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Gamma Centauri

Gamma Centauri (γ Cen) is a binary star system located 130 light-years away in the constellation Centaurus. With a combined apparent magnitude of 2.17, it is the fourth brightest point of light in Centaurus, after Rigil Kentaurus (Alpha Centauri), Hadar (Beta Centauri), and Menkent (Theta Centauri). The star system has the traditional name Muhlifain.

Star system

Gamma Centauri is a double star composed of two subgiant stars of the spectral types A1IV and A0IV. Both Gamma Centauri A and Gamma Centauri B have evolved away from the main sequence and are in the process of evolving into giants. The two stars orbit each other with a period of 83.57 ± 0.21 years. The star system has a semimajor axis of 0.869 ± 0.011 arcseconds.

Gamma Centauri has a mass of 2.91 solar masses and a temperature of 9,082 K.

The Gamma Centauri system shines at magnitude 2.17. Individually, the components are third magnitude stars with apparent magnitudes of 2.85 and 2.95.

gamma centauri star,muhlifain

Muhlifain (Gamma Centauri), image: Wikisky (DSS)


Shining at magnitude 2.17, Gamma Centauri is on average the 64th brightest star in the sky. It is about as bright as Denebola in the constellation Leo, Naos in Puppis, and Gamma Cassiopeiae in Cassiopeia.

Gamma Centauri appears close to Tau Centauri and w Centauri in the sky. The fainter w Centauri (HD 110458) is not related to its brighter neighbours. It is an evolved K-type giant located approximately 191 light-years away.

However, Tau Centauri is likely a co-moving companion of the brighter Gamma. It is an A-type main sequence star or subgiant located 131 light-years away. It shines at magnitude 3.86 and has an estimated age of 132 million years. The estimated separation between Gamma and Tau Centauri is only 1.72 light-years (0.53 parsecs). In comparison, the distance between the Sun and its nearest neighbour Proxima Centauri is 4.2465 light-years.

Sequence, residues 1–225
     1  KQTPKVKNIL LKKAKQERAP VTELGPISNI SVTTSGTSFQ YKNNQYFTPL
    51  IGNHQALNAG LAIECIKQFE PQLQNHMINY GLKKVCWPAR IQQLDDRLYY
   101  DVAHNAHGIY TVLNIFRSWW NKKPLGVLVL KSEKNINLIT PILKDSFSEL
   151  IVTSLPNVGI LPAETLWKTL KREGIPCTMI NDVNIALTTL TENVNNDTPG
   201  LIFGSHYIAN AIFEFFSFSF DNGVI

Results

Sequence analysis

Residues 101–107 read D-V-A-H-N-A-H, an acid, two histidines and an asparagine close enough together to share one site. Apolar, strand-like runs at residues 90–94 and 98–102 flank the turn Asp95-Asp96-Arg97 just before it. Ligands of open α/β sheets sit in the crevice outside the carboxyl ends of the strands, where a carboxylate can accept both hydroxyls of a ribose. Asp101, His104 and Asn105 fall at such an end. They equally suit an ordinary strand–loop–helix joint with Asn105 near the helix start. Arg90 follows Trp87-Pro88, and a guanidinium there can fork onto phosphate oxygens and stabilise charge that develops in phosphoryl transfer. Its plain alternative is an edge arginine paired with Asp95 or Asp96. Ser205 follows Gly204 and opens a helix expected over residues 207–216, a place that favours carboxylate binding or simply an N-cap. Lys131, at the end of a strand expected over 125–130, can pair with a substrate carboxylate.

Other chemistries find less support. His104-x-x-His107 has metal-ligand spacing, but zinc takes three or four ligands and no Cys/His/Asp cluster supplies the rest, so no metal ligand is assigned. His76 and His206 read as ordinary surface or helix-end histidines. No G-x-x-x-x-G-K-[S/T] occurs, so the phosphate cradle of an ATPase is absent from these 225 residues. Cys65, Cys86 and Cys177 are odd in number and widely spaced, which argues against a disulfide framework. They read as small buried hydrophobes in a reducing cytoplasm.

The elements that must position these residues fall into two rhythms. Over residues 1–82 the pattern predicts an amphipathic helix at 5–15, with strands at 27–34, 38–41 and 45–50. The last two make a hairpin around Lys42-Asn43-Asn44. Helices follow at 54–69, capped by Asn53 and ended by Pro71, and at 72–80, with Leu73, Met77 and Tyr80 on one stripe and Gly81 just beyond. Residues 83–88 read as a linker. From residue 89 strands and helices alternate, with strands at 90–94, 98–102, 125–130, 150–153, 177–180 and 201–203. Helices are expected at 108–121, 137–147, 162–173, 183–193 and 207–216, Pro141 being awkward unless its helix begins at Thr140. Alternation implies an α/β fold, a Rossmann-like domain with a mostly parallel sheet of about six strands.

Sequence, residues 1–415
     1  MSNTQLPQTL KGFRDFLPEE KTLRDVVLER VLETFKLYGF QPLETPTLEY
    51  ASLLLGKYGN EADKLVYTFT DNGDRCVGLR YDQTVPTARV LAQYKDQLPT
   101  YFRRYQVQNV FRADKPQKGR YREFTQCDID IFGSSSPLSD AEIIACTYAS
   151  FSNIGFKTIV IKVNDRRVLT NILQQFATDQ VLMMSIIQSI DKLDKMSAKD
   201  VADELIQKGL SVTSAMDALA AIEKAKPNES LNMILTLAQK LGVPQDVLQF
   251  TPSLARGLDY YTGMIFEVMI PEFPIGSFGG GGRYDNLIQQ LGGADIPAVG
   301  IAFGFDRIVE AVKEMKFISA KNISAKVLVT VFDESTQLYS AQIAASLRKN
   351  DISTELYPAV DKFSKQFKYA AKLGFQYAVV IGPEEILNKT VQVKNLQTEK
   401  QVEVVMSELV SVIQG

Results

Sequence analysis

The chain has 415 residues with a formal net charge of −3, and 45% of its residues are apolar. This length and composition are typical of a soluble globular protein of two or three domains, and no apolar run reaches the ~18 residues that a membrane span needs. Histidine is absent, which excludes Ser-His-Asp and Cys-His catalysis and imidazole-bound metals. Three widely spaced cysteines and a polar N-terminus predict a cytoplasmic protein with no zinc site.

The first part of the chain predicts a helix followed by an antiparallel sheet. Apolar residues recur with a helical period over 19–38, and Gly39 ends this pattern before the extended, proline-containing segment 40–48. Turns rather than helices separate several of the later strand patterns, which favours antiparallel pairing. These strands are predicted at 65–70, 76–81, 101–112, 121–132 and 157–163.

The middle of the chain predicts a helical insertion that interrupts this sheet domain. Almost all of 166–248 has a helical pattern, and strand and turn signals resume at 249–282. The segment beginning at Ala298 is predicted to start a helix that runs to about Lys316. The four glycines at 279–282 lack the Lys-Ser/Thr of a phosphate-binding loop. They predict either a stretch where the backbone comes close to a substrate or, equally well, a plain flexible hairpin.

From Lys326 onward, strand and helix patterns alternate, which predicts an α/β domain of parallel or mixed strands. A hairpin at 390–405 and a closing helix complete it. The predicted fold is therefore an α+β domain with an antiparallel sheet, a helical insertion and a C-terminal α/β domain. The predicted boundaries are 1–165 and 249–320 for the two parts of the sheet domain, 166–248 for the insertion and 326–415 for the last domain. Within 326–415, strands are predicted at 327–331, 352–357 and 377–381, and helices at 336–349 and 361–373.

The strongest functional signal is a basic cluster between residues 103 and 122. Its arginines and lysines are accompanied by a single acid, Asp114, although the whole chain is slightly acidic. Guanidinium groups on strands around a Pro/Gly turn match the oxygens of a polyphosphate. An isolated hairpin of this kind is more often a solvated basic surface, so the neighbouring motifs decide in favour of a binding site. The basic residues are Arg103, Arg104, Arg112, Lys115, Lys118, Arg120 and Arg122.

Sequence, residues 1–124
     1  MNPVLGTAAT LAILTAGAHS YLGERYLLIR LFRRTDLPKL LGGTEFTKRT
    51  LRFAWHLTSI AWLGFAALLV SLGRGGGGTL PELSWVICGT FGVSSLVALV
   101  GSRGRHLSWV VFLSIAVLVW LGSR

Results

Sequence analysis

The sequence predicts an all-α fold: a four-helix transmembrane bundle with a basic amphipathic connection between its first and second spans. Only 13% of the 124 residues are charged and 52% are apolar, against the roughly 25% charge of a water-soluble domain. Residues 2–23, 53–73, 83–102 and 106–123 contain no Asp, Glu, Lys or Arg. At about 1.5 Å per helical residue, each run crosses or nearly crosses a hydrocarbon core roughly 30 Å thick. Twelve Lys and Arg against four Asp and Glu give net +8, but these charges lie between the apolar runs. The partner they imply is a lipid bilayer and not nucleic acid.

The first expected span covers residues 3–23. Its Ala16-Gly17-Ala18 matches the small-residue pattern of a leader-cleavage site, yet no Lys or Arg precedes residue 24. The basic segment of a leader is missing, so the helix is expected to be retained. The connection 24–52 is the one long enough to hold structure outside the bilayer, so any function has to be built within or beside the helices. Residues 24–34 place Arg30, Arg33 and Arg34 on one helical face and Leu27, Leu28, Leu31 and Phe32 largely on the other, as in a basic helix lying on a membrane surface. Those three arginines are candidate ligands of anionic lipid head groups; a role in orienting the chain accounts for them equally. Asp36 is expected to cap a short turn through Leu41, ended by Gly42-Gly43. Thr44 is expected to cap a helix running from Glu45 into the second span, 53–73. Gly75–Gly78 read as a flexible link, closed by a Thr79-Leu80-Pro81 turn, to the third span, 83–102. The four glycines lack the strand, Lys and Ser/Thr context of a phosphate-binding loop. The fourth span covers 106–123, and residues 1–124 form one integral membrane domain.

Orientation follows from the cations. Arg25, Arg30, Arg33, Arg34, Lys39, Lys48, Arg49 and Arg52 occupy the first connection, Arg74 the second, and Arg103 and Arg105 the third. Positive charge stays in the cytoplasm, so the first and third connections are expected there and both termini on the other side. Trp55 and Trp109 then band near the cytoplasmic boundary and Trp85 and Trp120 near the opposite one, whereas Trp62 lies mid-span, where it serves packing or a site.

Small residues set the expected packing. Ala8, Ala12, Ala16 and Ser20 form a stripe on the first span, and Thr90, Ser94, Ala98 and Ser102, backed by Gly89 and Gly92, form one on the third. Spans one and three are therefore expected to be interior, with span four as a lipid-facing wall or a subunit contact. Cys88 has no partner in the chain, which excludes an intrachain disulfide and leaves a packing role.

Gamma Centauri,Tau Centauri, w Centauri

Gamma Centauri, Tau Centauri and w Centauri, image: Wikisky (DSS)

The Arrernte and Luritja peoples near Hermannsburg in Central Australia call the asterism formed by Gamma Centauri, Delta Centauri, Imai (Delta Crucis) and Gacrux (Gamma Crucis) the Eagle-hawk (Iritjinga).


Gamma Centauri does not have a proper name formally approved by the International Astronomical Union (IAU). It has traditionally been known as Muhlifain (pronunciation: /ˈmjuːlɪfeɪn/).

The name Muhlifain has the same root as Muliphein, the formal name of Gamma Canis Majoris. The names are derived from the Arabic ʼal-Muḥlifayn and mean “two things,” “a pair” or “swearing of an oath.” The traditional name of Gamma Centauri may have been taken from Gamma Canis Majoris.

In Chinese astronomy, Gamma Centauri was known as 庫樓七 (Kù Lóu qī), the Seventh Star of Arsenal. Arsenal is an asterism formed by Gamma Centauri with Zeta Centauri, Eta Centauri, Menkent (Theta Centauri), 2 Centauri, d Centauri, f Centauri, Tau Centauri, D Centauri, and Sigma Centauri. The asterism is part of the larger Horn mansion, which represents the horns of the Azure Dragon.


Gamma Centauri lies near the Southern Cross, one of the most familiar asterisms in the southern night sky. It is the brightest star located along the imaginary line extended through the long axis of the asterism, from Acrux through Gacrux.

how to find muhlifain,where is gamma centauri in the sky

The location of Muhlifain (Gamma Centauri), image: Stellarium

Gamma Centauri can be used to find several bright deep sky objects. The globular cluster Omega Centauri and the galaxies NGC 4945 (Caldwell 83, the Tweezers Galaxy) and NGC 4976 appear in the region between Gamma and the fainter Zeta Centauri.